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George H avatar image
George H asked

Strange SQL Partial Update issue

I have a strange question...only because I have never seen this behavior before. I'm trying to debug a very rare, intermittent bug in an application (.NET/SQL Server 2008 R2) that I support. First I need to give you some background...the application updates 2 fields in a table using a SQL statement like this: Update table set col1 = 'valueA', col2 = 'valueB' where col3 = 'valueC' and col4 = 'valueD' 99.9% of the time it works fine...but every so often only **column 1** gets the updated value - ***column 2 doesn't!!*** I've never seen this happen before - a case where one field in a single statement succeeds and one field fails...is this even possible? Without SQL Server generating an error? I keep looking for some other code that could be the culprit but this statement is the only candidate...it's just that I've never seen this behavior before. Any input would be appreciated. NOTE: I inherited this application and I already know that it's bad mojo to use sql directly in an application. All new sql gets put into views and SProcs...but this is legacy code and I don't have time to rewrite the entire application. I'm just interested in the behavior of one field getting updated and the other one failing. Thanks, George
sqlupdatefailure
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Kev Riley avatar image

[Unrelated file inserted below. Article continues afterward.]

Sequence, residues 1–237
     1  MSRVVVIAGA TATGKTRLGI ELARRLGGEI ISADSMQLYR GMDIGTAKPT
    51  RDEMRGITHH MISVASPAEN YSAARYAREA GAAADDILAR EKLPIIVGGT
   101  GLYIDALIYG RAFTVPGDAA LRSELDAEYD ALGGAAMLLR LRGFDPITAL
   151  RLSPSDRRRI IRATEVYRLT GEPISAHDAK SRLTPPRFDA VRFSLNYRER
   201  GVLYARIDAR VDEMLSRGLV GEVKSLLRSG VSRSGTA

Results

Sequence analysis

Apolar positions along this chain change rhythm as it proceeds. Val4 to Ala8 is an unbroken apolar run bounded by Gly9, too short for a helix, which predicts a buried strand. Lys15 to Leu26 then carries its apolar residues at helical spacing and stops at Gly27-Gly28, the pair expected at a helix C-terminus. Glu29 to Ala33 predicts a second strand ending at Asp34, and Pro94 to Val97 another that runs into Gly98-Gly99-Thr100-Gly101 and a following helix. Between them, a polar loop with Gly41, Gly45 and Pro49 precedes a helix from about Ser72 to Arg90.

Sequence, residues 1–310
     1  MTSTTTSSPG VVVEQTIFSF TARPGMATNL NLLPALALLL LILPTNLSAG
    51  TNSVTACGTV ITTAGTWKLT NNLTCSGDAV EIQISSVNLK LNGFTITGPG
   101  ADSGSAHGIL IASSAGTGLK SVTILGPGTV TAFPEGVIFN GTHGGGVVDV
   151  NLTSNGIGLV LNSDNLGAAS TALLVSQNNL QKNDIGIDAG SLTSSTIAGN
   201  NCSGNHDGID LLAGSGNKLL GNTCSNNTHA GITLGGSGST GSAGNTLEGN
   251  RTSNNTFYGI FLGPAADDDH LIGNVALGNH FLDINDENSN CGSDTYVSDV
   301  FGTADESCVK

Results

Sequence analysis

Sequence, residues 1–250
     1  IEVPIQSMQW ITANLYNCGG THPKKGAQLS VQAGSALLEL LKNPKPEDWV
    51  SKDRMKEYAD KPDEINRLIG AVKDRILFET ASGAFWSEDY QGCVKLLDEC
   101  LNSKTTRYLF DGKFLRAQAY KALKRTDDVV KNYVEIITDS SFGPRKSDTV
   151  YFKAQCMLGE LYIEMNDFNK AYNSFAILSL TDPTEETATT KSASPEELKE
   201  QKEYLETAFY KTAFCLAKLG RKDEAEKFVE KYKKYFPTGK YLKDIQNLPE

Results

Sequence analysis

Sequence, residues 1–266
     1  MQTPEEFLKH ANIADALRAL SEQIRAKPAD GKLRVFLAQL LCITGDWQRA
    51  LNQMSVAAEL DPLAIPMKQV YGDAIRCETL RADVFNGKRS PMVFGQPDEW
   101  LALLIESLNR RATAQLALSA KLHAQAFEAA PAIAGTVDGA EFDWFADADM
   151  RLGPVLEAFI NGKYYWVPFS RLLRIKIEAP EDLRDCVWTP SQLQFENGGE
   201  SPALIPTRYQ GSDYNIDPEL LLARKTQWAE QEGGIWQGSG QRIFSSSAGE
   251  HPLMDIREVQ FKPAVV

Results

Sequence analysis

Kev Riley answered
Are there any triggers on the table?
2 comments
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Good question, but no.
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No check constraints that would affect it either.
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Martin Schoombee avatar image
Martin Schoombee answered
It isn't possible for one column to get updated and one column not...not if it is in the same update statement and there are no triggers etc. on the table. Could it be that the update statement fails, but the error isn't caught and raised by your application? You could also have concurrency issues...i.e. 2 users executing the same update statement on the same record in short succession (last update wins). The best way to find out in my opinion is to run a trace so that you can see exactly what is being executed on the server.
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Great set of suggestions, so I moved them from a comment to an answer.
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+1 yep, if there's nothing obvious code-wise, get a trace going.
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